Rinehart 'changed ownership structure' during court battle

New documents suggest mining magnate Gina Rinehart changed the ownership structure of her main company, Hancock Prospecting, in the middle of a controversial 10-day period that was crucial to her court battle with her estranged children.

New documents suggest mining magnate Gina Rinehart changed the ownership structure of her main company, Hancock Prospecting, in the middle of a controversial 10-day period that was crucial to her court battle with her estranged children.

Documents submitted to the Australian Securities and Investments Commission suggest that 51,584 Hancock shares were removed from a Rinehart family trust called "HMHT Investments" on April 26, 2012.

The shares were transferred into another company name, "GH Rinehart as Trustee for The Hope Margaret Hancock Trust", on the same day, and the change left HMHT Investments holding zero shares in Hancock Prospecting.

The trusts were central to a court battle in which several of Mrs Rinehart's children sought, and eventually won, access to their share of lucrative family trusts.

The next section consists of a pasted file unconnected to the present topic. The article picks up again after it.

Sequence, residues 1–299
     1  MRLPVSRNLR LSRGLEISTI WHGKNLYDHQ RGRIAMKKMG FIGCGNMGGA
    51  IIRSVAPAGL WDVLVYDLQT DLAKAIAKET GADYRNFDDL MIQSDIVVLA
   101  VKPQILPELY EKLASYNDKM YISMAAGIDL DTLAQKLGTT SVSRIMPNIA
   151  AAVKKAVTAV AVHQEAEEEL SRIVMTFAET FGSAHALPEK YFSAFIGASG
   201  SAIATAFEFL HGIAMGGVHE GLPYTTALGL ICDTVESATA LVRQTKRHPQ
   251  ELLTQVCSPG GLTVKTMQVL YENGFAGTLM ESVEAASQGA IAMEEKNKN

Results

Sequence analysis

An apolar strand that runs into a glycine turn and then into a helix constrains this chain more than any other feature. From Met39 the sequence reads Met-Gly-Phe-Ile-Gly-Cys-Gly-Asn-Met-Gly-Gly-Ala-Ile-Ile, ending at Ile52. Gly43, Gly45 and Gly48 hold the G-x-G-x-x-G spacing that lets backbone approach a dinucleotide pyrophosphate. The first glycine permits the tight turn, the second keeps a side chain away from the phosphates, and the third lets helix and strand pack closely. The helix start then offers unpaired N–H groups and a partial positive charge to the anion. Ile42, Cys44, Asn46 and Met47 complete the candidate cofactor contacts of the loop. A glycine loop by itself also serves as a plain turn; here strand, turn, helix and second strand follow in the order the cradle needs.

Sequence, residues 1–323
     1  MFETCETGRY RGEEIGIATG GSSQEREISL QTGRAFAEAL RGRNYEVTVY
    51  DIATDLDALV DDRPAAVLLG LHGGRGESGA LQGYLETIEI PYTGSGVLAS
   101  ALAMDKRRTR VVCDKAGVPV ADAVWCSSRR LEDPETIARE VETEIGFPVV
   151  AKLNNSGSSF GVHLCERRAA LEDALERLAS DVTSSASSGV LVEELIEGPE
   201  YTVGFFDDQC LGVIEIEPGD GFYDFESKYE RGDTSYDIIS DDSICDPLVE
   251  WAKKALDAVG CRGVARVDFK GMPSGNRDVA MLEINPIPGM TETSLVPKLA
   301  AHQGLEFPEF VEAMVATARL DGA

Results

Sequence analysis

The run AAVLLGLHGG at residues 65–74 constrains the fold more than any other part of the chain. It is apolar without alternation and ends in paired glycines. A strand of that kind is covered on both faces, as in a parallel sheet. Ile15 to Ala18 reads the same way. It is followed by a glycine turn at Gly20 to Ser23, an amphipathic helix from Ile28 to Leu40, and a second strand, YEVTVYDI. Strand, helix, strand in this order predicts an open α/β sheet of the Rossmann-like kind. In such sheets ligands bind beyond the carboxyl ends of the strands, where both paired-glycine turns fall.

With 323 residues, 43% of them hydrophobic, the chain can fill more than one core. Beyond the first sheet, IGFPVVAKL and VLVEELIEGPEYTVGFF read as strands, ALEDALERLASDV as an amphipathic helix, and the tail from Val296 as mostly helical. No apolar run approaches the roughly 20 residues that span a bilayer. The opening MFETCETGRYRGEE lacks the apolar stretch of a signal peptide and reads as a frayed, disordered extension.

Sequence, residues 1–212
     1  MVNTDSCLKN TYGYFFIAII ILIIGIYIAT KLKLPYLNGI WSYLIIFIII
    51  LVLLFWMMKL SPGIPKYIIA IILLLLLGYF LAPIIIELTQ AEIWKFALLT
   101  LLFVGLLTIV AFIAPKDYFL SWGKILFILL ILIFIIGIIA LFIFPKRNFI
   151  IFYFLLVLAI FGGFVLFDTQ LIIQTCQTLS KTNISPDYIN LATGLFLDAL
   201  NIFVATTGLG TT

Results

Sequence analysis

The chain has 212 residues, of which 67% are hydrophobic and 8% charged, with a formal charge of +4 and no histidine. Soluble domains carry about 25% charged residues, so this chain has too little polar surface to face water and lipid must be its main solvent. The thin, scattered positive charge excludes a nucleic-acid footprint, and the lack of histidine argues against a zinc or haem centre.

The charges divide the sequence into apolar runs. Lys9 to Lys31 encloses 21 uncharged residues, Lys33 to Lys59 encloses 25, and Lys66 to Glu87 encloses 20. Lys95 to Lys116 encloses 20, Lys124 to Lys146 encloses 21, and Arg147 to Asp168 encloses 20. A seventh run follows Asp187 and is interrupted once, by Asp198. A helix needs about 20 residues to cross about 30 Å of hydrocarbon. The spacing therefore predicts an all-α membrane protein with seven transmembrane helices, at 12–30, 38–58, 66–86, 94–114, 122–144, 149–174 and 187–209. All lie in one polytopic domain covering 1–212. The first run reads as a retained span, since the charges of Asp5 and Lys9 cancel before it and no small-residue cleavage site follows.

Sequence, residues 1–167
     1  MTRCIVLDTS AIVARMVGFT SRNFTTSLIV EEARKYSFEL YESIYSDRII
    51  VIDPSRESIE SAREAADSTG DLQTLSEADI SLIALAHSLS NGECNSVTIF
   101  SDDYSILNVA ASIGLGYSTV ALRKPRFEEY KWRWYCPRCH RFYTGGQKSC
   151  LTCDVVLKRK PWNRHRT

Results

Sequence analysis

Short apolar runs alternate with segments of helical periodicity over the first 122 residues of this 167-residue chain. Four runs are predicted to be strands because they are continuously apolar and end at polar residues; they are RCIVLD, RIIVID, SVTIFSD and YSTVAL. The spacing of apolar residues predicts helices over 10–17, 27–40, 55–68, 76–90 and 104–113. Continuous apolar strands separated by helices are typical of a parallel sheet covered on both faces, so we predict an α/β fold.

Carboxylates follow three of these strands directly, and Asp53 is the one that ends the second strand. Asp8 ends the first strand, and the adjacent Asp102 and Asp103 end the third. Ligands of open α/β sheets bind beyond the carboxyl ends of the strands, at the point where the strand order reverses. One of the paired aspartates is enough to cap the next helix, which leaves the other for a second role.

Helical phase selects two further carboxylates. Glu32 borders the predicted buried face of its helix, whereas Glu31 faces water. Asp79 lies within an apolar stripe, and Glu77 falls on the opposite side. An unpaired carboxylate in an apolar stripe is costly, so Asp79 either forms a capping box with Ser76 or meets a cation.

The date of change was less than a week after a NSW court ruled that Mrs Rinehart's court battle with her children must be heard publicly, and just four days before the trust at the centre of the dispute vested on April 30, 2012.

But in a twist, Hancock Prospecting took more than a year to officially notify ASIC of the changes, with the documents only being received by ASIC last week, on May 29. Hancock Prospecting did not respond when asked to comment on the changes.

Despite winning access to their share of the trusts, two of Mrs Rinehart's children are pushing ahead with legal action to have her removed as head of the trust and are seeking to have years of financial documents published. They claim Mrs Rinehart engaged in serious misconduct by changing the vesting date of the trust, and the case is expected to go to trial in October.

Hancock Prospecting reported a bottom-line profit of $3.26 billion for the year to June 30, 2012, but that figure was inflated by $1.16 billion on the back of a deferred tax asset related to the new mining tax.

Hancock Prospecting's main source of income is an iron ore joint venture with Rio Tinto in Western Australia, but the company also has a range of other investments and is a significant shareholder in Fairfax Media, owner of this publication.

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